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Why I Let my 12-Year-Old Son Watch Sesame Street

On the stage Elmo and Grover are dancing, singing a song about being kind and loving your friends, and beside me, in the balcony, my son is smiling. He is waving his hands wildly along with the beat, closing his eyes and rocking back and forth. He is the happiest I have seen him in months, overcome with joy, watching his favorite characters sing and dance. He is watching the lights make their way across the floor, across the walls, over his own hands.

It is his birthday, today. My oldest boy is twelve years old. He has autism and is disabled and differently-abled in so many strange and wonderful ways. And alone, together, we are making this special day with our annual tradition--a trip downtown, to the theatre to see Sesame Street Live, on stage.

This annual tradition has come to represent my son's birthday more than presents or cake or any celebration. Because he doesn't talk, I can't be sure if he knows it is his birthday. But it doesn't really matter much anymore. Every day for the last week, I have showed him the video of the show we would be seeing, every day for a week I have counted down on my fingers. Five days until the show, son. Four, Three, Two. It's today, my darling. Today we will go. This he understands. I can tell by the way he woke up early, by the way he is waiting wiht his shoes and coat, when I tell him it is nearly time to go.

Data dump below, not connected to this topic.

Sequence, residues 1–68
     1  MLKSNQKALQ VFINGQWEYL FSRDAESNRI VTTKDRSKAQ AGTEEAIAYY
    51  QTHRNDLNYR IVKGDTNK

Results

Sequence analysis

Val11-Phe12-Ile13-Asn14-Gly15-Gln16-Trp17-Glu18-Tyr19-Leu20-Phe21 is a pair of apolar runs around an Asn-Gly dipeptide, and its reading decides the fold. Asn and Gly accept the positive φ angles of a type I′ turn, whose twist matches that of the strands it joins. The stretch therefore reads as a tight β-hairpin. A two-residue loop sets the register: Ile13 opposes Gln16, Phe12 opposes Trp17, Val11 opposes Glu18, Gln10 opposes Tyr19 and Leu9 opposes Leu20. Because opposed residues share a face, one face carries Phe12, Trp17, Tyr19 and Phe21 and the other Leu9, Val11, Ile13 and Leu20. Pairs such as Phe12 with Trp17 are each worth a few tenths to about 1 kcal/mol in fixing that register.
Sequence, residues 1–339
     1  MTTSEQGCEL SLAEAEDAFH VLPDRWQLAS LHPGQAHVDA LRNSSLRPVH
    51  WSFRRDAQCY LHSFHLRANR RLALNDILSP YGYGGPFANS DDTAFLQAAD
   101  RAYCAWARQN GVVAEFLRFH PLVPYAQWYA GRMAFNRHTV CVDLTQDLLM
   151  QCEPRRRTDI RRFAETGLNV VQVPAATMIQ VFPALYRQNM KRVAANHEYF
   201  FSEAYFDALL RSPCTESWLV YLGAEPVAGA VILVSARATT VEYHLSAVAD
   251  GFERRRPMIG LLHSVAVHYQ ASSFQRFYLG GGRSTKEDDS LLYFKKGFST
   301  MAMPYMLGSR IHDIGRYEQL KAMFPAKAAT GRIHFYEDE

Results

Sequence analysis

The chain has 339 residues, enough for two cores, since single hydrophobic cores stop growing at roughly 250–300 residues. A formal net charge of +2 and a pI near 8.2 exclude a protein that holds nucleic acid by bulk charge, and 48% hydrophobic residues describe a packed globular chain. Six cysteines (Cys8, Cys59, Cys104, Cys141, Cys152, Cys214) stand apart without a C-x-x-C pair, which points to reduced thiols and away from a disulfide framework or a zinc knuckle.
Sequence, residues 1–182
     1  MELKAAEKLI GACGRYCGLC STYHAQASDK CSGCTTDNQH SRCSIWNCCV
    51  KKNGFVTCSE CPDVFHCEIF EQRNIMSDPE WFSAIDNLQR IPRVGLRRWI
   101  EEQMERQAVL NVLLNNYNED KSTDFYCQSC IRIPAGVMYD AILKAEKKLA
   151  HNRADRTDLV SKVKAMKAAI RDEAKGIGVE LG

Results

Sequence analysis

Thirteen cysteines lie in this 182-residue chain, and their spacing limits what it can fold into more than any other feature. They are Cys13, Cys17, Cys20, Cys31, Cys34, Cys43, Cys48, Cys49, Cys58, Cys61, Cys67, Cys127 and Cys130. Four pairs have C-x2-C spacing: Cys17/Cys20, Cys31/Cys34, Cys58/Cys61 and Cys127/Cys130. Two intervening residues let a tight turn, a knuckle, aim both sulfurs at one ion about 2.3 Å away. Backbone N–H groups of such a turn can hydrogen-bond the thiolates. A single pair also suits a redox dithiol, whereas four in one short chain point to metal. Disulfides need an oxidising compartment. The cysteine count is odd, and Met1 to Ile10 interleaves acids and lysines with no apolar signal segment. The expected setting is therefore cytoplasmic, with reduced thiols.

Our row in the balcony is filled with babies and young mothers, with toddlers in Oscar the Grouch t-shirts, holding stuffed Elmo dolls. These families do not seem to notice us: me, a mom in her late thirties with the nearly teenage boy, sitting on the end. Or if they do notice, they are kind enough not to show it. But I know that we are different than them, not just because my son is a year or two away from shaving and sitting right here, dancing to the music of Elmo and his friends.

As my son aged, I struggled with how to handle the limited nature of his interests, which were not often considered "age appropriate."

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To finish reading the full story, visit the Autism Speaks website:



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